Mexico, Canada and the U.S. are collaborating on a North American strategy to conserve and recover the species, the release said.

The event is sponsored by Friends of Hackmatack National Wildlife Refuge, the U.S. Fish & Wildlife Service and the Crystal Lake Park District, featuring activities from numerous conservation, education and arts groups involved in the Hackmatack Monarch Coalition.




Fox River receding projected to stop with new round of heavy rainA view of Wauconda Road in McHenry while rain falls Friday. Heavy rains have delayed the receding of the river according to hydrogeologic data. The level at the Algonquin tailwater is now projected to hold steady at more than 12 feet, which is severe flood stage, through at least another week.Jose Martinez of Cary lays sandbags Friday while helping a friend protect their house on Waterview Road in McHenry.Jose Vazuez of Crystal Lake grabs a sandbag on Friday while helping a friend protect their house in McHenry. Heavy rains in Wisconsin are again pushing the Fox River into significant flooding, which will then push downstream.Homes on Wauconda Road in McHenry sat surrounded by floodwater from the Fox River on Friday.The Broken Oar Marina fuel pump doubles as a water depth gauge in Port Barrington.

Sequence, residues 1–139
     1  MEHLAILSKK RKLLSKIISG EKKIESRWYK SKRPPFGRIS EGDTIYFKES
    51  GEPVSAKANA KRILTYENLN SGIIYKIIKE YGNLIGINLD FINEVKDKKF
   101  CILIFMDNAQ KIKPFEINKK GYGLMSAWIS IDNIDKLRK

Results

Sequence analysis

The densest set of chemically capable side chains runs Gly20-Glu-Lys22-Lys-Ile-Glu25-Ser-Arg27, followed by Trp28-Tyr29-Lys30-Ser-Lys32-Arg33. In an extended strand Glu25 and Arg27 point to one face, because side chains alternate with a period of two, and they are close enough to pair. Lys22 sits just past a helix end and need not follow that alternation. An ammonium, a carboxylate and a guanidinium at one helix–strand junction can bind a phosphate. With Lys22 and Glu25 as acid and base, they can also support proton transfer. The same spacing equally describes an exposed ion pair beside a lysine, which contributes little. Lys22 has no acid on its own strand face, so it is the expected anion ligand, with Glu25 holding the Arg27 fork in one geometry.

Sat, 22 Jul 2017 05:03:00 GMT